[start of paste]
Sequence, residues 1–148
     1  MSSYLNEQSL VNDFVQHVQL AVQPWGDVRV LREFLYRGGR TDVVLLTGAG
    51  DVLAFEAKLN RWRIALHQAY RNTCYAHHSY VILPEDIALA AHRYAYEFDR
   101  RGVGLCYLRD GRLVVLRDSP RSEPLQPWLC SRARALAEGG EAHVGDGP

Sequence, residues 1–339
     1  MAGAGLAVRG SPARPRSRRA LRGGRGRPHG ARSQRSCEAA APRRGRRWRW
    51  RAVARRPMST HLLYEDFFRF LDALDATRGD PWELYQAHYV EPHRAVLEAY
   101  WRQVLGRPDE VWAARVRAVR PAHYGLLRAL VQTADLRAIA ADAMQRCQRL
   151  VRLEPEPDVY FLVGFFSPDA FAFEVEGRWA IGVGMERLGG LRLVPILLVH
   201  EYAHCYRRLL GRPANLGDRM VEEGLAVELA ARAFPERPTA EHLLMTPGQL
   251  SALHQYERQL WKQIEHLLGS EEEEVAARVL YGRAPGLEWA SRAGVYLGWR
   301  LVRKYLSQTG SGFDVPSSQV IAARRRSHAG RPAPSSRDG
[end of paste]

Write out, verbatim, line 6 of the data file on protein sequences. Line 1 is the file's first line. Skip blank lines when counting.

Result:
     1  MAGAGLAVRG SPARPRSRRA LRGGRGRPHG ARSQRSCEAA APRRGRRWRW